Which doesn't mean there won't be any openings at all this Summer (there will be Taft Green at Human Resources on July 9th, for a start), just fewer than usual. So, I may announce them or not, or maybe I will just perpetuate the Summer tradition I had started last year when I posted some John Cale videos once a week. Incidentally, John Cale is in the studio right now, so hopefully there will be a (very good?) album soon.
I think this year I'm going to do a Summer of videos by The Fall, a band I have never seen live. I feel they *should* come play in Los Angeles very soon.
Lastly, for those of you who would like to spend their summer working on their dream novel/novella/poetry, etc. and would like to try the first ever Not Otherwise Specified book contest organized by Les Figues Press, please read all the guidelines, write your masterpiece, and send it along with $25 fee for a chance to have it published by a super rad press, make $1000 in passing and get a book of your choice from their Trench Art series.
And with this, dear readers, let me wish you a great weekend and a fantastic summer!
Thursday, June 16, 2011
Virginia Fields. Credit: LACMA (via the Los Angeles Times website)
I've just learned via a LACMA tweet and a LAT obituary that Virginia Fields, the lovely Senior Curator of Pre-Columbian Art at LACMA has passed away last night. She was truly a wonderful woman and I'm very saddened to hear of her passing. I hope there will be a memorial for her at LACMA and I'm sending my condolences to her family and colleagues. Please go visit the Pre-Columbian galleries at LACMA soon and have a thought for her. She was a true lady.
Jeff Cain, El Camino Real, 3 channel video installation, 2011, from the LACE website
Also going to the Harry Partch concert last week at REDCAT, which was immensely enjoyable, capped by the audience being let onstage to see and touch the instruments and talk to the musicians. My friend took pictures, so if he's OK to let me post them here, I'll do it shortly. I also went to a press preview of Miranda July's new movie, The Future, which I didn't enjoy at all* but you might, and I believe it's going to be previewed at MOCA soon.
Meanwhile, what's happening in Los Angeles this weekend, are you asking, faithful readers? Starting tonight, in about 2 hours, LACE presents two exhibitions, Speculative (with FBC! friendly acquaintance Jeff Cain), and Unfinished Paintings, another group show that includes the lovely Mark Dutcher. I can't go to the openings but will make sure to see the show. Starts at 8 PM tonight and the show will be up until August 28.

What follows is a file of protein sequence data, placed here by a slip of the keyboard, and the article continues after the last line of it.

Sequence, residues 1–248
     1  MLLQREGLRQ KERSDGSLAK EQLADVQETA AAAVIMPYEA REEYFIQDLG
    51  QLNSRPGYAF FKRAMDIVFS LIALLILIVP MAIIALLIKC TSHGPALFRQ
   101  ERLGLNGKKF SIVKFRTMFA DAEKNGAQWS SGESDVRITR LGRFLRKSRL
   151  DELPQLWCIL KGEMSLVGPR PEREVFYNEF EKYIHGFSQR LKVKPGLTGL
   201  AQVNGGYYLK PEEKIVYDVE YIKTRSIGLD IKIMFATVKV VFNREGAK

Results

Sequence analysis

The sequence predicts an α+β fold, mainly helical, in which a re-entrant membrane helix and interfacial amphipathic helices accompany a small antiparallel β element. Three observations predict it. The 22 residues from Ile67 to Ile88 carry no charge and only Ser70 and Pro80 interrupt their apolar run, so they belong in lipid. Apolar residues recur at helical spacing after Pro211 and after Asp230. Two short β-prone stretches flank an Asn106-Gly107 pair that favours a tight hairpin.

Saturday will be a busy day in Los Angeles, as in Santa Monica York Chang will show his work with Second Life at 18th Street, and so will several artists as many events are scheduled for 18th Street Artnight. All information here.
Elsewhere in Los Angeles, if you are near Chinatown don't miss Rosha Yaghmai at Tom Solomon, if near Culver City there's also an opening at Las Cienegas Projects. On the same evening, FBC! gal pal Nancy Popp will present her work at Kristi Engle, a gallery dangerously situated for me in Highland Park, a stone throw from my all-time favorite record store, Wombleton, whose owners I swear have pledged to make me bankrupt very soon. It's at 8 PM, be there or be square!
While I'm talking about record stores, let me salute the opening of Jacknife Records in Atwater Village. I haven't gone yet, but it's on my list. They don't have a website (yet), so here's their info: 3161 Glendale Boulevard, LA 90039, and they are open Tuesday to Sunday every day from noon to 8 PM, and to 10 PM on Thursday, Friday and Saturday.
Another remarkable store opening, this time downtown, is The Last Bookstore. On Spring street, open every day from 10 AM on, an occasion to browse real life used books, something much better than, uh, getting thumb cramps on your kindle, no?
*it has no story line, the acting is atrocious and it's neither quirky nor intelligent. All it made me want to do throughout is slap July's face and tell her to go see a doctor to get her thyroid checked and stop being such a drama queen. Sheesh, lady, you're not a poor little broken birds so sad on its tree, waiting to be rescued. I thought it was one of those whiny whitey project by people from Portland originally from Williamsburg originally from Iowa. Might appeal to this type of demographic, which I'm not part of.